Sally Hemings was born in Virginia in 1773. It is believed that her parents were Betty Hemings and John Wayles.
Betty was an enslaved mixed race woman owned by John. John was also the father of Thomas Jefferson’s wife, Martha.
Sally came to live with the Jeffersons as an infant when John died. Treated as property, she and her mother were part of Martha’s inheritance. Sally’s grandfather and father were white, but because her mother was enslaved, Sally was too.
Martha died on September 6, 1782.
In 1784, Thomas became Ambassador to France and moved to Paris. He took his oldest child, Martha, with him. He left his two younger daughters, Mary and Lucy, at his home, Monticello, in Virginia.
When Lucy died in 1784 of Whooping Cough, Thomas sent for Mary.
Mary was just 9 years old when she arrived in Paris in 1787. She was too young to travel alone, but the enslaved woman originally intended to travel with her became pregnant, so Sally was sent in her place. Sally was 14 years old.
By the time she was 16, it is believed that Sally and Thomas were in a sexual relationship and she was pregnant with his child.
In France, Sally was a free woman. She was paid a weekly salary of $2 a month by Thomas while there.
Thomas returned to Monticello with Sally and his children in 1789. In an interview, Sally’s son, Madison, stated that she told him many times that she originally did not want to return to Virginia, but she agreed to go if Thomas promised to free her future children at the age of 21.
The child with which Sally was pregnant was born at Monticello and died in infancy.
There is some debate about the relationship between Thomas and Sally. It was common for slave owners to have relationships of all natures with the enslaved women they owned. Some men raped these women. Some were engaged in consensual sexual relationships and some were in committed loving relationships.
There is no way to know what the situation was between Thomas and Sally. It is thought that he fathered all of her children and there is evidence that the Hemings children received better treatment than other enslaved individuals at Monticello during this time.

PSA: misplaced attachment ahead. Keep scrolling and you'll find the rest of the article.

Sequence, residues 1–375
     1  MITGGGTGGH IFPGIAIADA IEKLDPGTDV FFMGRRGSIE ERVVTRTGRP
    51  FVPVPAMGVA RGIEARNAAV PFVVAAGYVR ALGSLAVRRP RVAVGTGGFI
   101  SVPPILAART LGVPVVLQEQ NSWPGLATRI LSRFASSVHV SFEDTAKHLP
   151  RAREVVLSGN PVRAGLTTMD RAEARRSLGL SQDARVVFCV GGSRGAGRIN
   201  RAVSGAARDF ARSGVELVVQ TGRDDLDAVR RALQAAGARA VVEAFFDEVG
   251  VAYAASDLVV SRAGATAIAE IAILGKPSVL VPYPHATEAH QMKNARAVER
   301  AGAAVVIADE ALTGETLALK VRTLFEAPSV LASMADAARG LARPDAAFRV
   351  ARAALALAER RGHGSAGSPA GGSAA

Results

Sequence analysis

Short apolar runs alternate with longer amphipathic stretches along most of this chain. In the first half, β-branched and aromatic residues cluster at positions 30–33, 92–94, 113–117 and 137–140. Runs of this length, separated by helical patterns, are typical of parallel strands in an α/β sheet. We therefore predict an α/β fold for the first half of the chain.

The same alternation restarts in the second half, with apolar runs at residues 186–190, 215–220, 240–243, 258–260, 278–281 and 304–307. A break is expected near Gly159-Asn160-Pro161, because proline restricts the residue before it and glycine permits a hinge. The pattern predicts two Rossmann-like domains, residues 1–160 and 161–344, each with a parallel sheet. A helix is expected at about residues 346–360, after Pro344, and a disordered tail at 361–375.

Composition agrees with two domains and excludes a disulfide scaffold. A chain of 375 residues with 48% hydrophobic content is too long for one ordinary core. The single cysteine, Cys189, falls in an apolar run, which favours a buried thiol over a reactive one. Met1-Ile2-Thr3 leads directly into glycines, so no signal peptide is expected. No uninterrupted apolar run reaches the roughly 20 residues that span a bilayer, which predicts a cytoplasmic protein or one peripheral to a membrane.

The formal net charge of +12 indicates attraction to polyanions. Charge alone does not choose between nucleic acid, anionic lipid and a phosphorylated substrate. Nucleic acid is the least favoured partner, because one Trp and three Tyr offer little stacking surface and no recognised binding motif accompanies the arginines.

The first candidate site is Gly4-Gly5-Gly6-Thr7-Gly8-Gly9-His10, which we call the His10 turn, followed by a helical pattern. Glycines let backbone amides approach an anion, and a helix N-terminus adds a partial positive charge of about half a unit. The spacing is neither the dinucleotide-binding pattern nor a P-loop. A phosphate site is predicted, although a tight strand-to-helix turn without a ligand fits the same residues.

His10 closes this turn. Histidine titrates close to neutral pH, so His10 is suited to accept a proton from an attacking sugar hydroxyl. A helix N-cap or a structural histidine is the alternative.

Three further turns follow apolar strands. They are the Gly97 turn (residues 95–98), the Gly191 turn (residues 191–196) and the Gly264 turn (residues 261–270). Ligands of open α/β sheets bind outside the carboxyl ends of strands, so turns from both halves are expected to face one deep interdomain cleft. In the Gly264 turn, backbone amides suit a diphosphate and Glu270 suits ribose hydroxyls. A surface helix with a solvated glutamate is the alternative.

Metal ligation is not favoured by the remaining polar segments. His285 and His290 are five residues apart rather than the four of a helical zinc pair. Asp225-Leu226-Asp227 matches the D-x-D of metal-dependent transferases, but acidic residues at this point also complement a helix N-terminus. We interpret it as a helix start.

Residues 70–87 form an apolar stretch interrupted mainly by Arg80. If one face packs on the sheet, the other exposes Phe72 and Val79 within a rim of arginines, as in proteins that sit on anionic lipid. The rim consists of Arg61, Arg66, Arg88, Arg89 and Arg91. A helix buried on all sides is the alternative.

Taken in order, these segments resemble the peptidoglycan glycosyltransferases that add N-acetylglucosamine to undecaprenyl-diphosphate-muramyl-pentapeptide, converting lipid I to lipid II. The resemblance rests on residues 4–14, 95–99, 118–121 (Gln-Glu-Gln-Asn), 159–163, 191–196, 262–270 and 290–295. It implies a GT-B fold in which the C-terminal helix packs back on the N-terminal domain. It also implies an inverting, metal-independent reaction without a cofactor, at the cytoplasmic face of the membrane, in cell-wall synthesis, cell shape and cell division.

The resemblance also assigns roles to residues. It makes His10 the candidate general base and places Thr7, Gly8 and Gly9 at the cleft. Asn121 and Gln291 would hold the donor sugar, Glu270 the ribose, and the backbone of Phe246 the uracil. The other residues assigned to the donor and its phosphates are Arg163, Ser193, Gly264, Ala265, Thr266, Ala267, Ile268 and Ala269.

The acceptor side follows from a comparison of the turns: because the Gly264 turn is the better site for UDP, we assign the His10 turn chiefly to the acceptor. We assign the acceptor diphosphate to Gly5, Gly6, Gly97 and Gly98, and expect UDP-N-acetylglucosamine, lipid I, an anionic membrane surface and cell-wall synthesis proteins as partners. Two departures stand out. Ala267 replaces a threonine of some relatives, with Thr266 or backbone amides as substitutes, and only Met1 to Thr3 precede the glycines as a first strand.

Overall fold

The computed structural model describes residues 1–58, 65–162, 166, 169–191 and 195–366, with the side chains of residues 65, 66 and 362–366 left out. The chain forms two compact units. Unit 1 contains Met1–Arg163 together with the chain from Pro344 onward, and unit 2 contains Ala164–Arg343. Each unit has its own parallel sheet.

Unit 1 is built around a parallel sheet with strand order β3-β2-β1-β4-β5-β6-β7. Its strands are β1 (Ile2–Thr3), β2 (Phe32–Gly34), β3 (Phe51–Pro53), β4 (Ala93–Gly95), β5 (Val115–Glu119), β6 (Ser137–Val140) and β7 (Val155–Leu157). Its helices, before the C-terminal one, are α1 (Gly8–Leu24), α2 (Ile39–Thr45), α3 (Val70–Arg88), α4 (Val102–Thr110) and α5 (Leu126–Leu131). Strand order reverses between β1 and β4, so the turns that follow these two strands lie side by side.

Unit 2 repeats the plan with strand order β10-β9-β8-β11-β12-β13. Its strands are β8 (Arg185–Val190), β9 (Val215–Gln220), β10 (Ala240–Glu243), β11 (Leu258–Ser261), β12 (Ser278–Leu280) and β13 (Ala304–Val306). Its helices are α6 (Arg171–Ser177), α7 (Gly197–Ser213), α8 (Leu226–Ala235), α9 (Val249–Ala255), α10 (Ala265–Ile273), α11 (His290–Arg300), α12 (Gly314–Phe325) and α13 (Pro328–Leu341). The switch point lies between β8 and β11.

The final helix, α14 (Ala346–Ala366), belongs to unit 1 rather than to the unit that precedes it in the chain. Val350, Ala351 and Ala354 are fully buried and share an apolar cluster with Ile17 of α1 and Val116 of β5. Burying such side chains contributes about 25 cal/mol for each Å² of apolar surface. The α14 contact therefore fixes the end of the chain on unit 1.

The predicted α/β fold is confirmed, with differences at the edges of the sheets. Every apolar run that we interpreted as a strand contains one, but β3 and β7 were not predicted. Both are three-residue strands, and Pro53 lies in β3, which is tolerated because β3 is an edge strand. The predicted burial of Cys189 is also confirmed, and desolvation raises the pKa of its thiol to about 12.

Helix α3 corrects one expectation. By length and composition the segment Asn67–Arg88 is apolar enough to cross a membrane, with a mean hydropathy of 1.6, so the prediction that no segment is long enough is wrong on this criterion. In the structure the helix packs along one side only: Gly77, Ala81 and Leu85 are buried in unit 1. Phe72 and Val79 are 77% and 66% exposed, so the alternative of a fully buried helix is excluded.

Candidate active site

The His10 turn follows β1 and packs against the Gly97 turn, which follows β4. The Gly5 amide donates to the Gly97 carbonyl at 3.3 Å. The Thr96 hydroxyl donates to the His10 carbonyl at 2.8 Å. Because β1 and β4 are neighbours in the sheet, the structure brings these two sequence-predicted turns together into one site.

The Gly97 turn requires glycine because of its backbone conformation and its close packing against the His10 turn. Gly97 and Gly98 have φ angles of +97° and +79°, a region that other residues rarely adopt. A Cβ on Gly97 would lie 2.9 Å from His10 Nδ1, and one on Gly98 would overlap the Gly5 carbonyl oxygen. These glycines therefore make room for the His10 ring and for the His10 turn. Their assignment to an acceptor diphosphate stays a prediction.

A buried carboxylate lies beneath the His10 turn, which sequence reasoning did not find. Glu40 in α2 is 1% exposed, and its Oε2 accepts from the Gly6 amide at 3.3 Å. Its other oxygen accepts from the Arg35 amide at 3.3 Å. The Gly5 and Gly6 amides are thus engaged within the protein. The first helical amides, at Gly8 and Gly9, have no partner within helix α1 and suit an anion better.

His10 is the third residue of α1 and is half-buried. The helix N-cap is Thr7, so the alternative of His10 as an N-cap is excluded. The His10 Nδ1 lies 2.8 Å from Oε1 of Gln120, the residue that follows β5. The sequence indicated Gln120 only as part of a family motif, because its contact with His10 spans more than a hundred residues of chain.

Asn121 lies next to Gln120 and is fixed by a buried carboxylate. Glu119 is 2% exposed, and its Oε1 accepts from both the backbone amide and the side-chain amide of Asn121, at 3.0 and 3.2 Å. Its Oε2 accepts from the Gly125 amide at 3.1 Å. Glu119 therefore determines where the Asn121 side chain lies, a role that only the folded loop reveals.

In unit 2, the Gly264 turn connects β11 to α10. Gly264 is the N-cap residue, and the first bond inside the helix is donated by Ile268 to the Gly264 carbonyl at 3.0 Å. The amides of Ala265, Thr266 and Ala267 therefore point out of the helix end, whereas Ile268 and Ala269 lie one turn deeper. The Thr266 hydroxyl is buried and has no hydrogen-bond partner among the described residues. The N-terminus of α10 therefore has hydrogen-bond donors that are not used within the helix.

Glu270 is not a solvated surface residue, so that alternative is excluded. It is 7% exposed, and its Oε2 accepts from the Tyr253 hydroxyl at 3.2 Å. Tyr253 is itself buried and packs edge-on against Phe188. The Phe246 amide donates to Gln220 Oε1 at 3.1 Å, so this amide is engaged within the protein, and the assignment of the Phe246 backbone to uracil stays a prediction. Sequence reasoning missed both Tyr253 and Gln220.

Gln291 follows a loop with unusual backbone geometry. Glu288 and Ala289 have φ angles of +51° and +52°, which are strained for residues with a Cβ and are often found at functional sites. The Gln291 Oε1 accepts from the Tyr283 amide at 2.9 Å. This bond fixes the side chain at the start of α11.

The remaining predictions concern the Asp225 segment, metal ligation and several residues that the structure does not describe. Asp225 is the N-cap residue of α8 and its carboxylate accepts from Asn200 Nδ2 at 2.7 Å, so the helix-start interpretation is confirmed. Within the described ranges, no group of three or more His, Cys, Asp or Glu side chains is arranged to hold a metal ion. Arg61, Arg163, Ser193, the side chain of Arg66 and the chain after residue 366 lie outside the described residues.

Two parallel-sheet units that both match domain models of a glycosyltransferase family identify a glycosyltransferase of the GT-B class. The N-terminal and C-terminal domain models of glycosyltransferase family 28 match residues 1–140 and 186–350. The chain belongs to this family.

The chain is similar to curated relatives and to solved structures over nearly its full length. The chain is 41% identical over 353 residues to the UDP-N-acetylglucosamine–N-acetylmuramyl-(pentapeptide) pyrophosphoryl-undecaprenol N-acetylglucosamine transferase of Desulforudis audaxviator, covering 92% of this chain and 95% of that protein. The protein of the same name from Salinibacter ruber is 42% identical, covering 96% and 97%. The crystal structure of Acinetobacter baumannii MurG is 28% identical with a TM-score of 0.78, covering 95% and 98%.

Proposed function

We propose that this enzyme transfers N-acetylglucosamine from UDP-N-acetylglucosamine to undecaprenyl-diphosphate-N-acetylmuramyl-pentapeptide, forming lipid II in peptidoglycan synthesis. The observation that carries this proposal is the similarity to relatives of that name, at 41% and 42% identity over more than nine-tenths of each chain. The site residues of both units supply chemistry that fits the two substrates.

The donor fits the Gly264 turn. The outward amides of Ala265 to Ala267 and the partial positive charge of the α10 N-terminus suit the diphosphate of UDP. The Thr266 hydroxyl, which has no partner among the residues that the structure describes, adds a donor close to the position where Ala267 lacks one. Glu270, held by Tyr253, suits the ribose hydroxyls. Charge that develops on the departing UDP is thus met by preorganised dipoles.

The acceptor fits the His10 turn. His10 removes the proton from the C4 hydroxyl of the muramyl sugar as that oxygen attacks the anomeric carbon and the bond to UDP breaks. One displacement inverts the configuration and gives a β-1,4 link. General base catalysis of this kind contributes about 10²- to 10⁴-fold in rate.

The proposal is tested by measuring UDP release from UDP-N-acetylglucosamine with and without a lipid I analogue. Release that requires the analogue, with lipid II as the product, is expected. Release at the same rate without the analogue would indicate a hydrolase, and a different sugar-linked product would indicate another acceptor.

Sally, and probably Thomas, had 6 other children: Harriet (female, died at 2 years old) in 1795, Beverley (male) in 1798, a daughter in 1799 (who died soon after birth), Harriet (female) in 1801, Madison (male) in 1805 and Eston (male) in 1808.
These births, and all enslaved births at Monticello, were recorded by Thomas. For many of the births, a father is recorded. No father is recorded for any of the Hemings children.
Sally worked as a nursemaid to Thomas’s older children, as a chambermaid and as a seamstress. She was responsible for Thomas’s wardrobe, in particular.
Madison later said that he and his siblings were allowed to stay close to Sally and work in the main house. They never worked in the fields and, as children, often ran errands.
At 14 years old, the children began learning a trade. The boys were taught carpentry and also learned to play violin. Harriet was taught to weave.
There are no known images of Sally and she left behind no writings. It is not known if she was literate. Sally was described as good looking and fair complected. It was also noted that she had long straight hair.
Beverley ran away in 1822. The following year, Harriet also fled. It was believed that they were given money and allowed to leave. They lived together after they left Monticello.
Beverley and Harriet were mixed race but light skinned and lived as white individuals in Washington D.C. They both married into well-to-do white families.
Madison, Harriet and Eston were freed in Thomas’s will. Harriet was the only enslaved female set free in this document.
Sally was never freed, but Thomas’s daughter, Martha, allowed her “her time.” This was a common practice of allowing older enslaved individuals to live freely with family away from their owner.
Sally moved to Virginia to live with Madison and Eston. She died in 1835.
Eston changed his last name to Jefferson as an adult. He was a talented musician.
Madison was a carpenter and owned a small farm.
The lives of Beverley and Harriet as adults are unknown. They probably changed their names.
In 1998, DNA was tested that showed a link between the Jefferson family and the Hemings descendants. There are still those that argue another member of the Jefferson family fathered Sally’s children.
In 2017, a room believed to be Sally’s was discovered. It was close to and accessible from Thomas’s bedroom.
The room is part of the current Monticello tour that has taken great strides to educate the public about the lives of the enslaved at the home during that time. The owners of the home and designers of the tour are convinced that Thomas is, in fact, the father of Sally’s children.
A video summary of this week’s post can be found at